In an unprecedented move, General Musharraf has also decided to address public rallies to mobilise public support. No other military ruler has resorted to such a populist move. It may help him in making direct contact with the people, but will also entail serious, long-term political consequences. It would not only involve the military more deeply in politics, almost turning it into a political party, but bring it directly into political confrontation. This situation may have serious repercussions for the military as an institution and create divisions within the ranks along political lines. General Musharraf appears to have the top brass totally behind him, but controversy over the referendum can trigger a political crisis, seriously affecting his position.
His decision to hold a referendum came amid strong opposition from almost all the main political parties in the country, ranging from the conservative Islamic groups to the liberal and moderate political parties. They have called for a boycott of the referendum, declaring it illegal and unconstitutional. An alliance of five major Islamic parties formed last week has vowed to overthrow President Musharraf’s government, accusing him of “working on an American agenda.” General Musharraf has admitted that the intelligentsia were against the referendum, but added that he was confident of getting public support. He said the referendum would draw a clear line between those who were with him and those who are not.
Most observers agree that General Musharraf could have achieved a consensus over his staying on as president. He would have been acceptable to all the major parties, had he not tried to adopt the PML (like-minded) as a “king’s party” and engage in a personal tirade against Benazir Bhutto and Nawaz Sharif. Instead of insisting that the two leaders did not have any role in politics, he should have left it to the courts and the polls to decide their fate.
Nawaz Sharif has already been barred from holding any public office for ten years, but there is no restriction on Benazir Bhutto. Despite corruption charges, she remains the strongest political figure in the country. With Nawaz Sharif out of the way, her Pakistan People’s Party is likely to emerge as the single largest party in the parliament, provided the polls are free and fair. Some reports suggest that the government already has a plan to isolate the PPP. “It is almost like a 1988 situation when the military created the IJI to stop the PPP from sweeping the polls,” said a senior official. An effort is being made to forge such an alliance around the PML (like-minded). But things will not be so easy for the military this time around.
In a most scathing attack, Miss Bhutto described the referendum proposal as “a war on democracy,” and called for President Musharraf’s ouster. The former prime minister, who has been living in exile in London and Dubai for many years, said President Musharraf must resign and hand over power to the chief justice. “The illegal referendum General Musharraf has resorted to is a challenge to the people of Pakistan who must accept the challenge and reject him by a no vote,” she said in a statement. A visibly provoked Bhutto is now set to return home to challenge General Musharraf. According to PPP sources, she may be back a few months before the polls. She is taking a calculated risk as her arrest could help mobilise support for the party.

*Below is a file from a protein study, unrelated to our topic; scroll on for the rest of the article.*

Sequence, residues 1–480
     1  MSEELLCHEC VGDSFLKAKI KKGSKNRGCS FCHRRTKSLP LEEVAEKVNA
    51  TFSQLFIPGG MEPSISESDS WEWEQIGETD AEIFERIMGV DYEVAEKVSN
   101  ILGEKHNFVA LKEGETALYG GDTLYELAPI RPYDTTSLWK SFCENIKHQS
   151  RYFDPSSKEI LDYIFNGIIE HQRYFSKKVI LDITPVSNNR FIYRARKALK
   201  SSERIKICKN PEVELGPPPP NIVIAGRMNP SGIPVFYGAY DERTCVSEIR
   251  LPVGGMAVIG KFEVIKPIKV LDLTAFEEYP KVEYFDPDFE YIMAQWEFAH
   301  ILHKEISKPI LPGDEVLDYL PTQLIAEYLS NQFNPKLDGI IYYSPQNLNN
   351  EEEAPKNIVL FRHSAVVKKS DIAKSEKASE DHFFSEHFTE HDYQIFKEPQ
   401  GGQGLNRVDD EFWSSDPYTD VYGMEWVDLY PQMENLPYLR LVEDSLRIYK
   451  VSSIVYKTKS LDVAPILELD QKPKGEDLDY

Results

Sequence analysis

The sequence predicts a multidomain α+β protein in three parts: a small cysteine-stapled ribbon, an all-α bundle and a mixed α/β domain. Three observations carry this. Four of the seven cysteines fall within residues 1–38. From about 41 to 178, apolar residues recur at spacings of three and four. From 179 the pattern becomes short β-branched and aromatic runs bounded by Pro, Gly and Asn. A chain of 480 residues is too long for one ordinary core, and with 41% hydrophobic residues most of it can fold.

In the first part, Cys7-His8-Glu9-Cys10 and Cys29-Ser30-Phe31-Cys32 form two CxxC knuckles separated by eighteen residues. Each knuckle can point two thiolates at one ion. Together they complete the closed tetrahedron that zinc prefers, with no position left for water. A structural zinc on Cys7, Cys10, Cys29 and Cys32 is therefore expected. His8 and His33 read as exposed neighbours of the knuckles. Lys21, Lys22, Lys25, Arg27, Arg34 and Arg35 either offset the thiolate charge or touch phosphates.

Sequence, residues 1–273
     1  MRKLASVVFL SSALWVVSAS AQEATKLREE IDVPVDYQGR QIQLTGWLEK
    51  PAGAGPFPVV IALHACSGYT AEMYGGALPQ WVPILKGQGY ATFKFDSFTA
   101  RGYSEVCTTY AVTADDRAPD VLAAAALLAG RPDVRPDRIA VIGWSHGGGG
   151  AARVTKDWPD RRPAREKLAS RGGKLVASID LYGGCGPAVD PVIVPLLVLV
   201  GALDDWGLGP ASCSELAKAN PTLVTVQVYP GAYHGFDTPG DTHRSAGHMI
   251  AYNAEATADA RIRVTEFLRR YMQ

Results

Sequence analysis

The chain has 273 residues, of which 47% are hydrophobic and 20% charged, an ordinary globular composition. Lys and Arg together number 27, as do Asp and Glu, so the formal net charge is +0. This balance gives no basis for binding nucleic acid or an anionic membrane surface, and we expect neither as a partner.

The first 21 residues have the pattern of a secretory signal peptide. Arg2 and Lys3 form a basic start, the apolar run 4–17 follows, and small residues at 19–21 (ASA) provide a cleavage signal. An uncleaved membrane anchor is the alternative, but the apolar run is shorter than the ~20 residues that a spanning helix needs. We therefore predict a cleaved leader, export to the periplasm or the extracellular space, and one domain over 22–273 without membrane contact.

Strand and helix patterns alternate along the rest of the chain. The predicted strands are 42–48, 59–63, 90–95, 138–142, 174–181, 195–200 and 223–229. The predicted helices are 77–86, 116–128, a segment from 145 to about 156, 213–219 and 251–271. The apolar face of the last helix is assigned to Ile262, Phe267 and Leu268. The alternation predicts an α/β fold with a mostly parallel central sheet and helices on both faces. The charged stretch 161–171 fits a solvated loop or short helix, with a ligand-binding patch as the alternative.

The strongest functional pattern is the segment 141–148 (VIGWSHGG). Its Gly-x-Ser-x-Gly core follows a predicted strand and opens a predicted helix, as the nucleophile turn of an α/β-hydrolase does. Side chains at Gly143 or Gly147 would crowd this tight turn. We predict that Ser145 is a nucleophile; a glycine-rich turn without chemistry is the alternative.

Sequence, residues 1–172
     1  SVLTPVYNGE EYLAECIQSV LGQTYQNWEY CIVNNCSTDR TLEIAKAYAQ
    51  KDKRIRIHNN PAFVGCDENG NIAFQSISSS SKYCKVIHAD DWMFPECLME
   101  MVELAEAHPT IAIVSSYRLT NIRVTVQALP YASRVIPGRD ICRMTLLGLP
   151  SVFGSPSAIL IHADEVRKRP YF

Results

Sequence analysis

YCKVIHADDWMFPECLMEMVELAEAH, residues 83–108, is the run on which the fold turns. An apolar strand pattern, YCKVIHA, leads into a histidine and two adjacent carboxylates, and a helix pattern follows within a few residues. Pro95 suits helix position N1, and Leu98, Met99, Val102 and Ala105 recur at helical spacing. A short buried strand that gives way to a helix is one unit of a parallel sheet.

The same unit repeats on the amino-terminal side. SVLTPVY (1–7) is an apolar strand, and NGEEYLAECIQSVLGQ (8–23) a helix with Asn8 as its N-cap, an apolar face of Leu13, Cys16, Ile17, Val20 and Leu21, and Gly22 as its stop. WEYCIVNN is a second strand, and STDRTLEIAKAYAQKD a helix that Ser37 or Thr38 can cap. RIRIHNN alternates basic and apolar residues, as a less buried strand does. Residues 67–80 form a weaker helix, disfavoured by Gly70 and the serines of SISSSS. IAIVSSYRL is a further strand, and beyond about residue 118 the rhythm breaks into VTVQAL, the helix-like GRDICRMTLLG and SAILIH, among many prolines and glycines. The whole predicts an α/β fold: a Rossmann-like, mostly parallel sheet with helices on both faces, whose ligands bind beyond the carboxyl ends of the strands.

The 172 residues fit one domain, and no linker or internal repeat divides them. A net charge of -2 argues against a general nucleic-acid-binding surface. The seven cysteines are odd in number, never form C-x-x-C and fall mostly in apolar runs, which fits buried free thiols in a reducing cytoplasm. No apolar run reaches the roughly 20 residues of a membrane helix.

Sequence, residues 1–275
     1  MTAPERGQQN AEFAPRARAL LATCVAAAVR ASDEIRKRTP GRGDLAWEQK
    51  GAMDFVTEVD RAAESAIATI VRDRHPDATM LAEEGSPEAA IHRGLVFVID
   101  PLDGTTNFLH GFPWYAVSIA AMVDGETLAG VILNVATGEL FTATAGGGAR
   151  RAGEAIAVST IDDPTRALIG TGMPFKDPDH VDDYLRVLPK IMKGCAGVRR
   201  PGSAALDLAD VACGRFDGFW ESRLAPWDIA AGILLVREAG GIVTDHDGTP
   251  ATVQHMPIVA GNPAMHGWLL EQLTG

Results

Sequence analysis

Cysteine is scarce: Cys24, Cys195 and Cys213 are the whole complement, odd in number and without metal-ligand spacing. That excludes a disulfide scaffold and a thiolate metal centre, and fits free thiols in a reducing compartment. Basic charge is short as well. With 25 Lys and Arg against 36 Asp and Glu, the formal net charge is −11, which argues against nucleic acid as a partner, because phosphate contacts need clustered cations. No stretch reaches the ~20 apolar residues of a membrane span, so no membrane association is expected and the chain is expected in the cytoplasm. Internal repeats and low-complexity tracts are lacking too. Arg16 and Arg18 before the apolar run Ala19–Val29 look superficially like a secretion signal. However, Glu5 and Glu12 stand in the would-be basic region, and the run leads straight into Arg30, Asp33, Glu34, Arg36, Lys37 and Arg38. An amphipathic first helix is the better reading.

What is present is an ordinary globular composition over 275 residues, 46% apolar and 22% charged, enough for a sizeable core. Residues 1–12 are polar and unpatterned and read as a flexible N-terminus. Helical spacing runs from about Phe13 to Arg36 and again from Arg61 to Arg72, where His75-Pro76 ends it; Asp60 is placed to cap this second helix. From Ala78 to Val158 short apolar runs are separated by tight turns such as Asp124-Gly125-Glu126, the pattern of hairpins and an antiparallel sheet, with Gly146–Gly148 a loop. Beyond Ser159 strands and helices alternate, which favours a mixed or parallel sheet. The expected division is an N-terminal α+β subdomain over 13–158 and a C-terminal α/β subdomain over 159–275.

The referendum plan has also evoked strong reaction from the independent Human Rights Commission of Pakistan which described the move as a “threat to the basic human rights of the people of Pakistan.” It said the proposal “enjoys the sanction neither of the country’s basic law nor of the generally accepted principles of democracy.”
President Musharraf, a key ally in the US led war on terrorism, has failed to elicit favourable international response to his decision. In London, the 54-nation Commonwealth of Britain and its former colonies said that the referendum plan falls short of promises made by the military ruler to return the country to democracy. Pakistan’s membership to the group was suspended after the 1999 coup. “The road map announced by General Musharraf last year did not include provision for a referendum,” pointed out Don McKinnon, Commonwealth Secretary General.
In Washington, a State Department spokesman referred to the need to follow constitutional procedures but stopped short of criticising President Musharraf.
His plan to create a “guided democracy,” where the military would continue to cast its heavy shadow may trigger a backlash. A national security council comprising the chiefs of the three services would be formed to keep a watch on the elected government and the parliament. This manipulated political set-up may perpetuate military dictatorship but it will not prove acceptable to the people.
The writer is a senior journalist and author. He has been associated to the Newsline as senior editor at.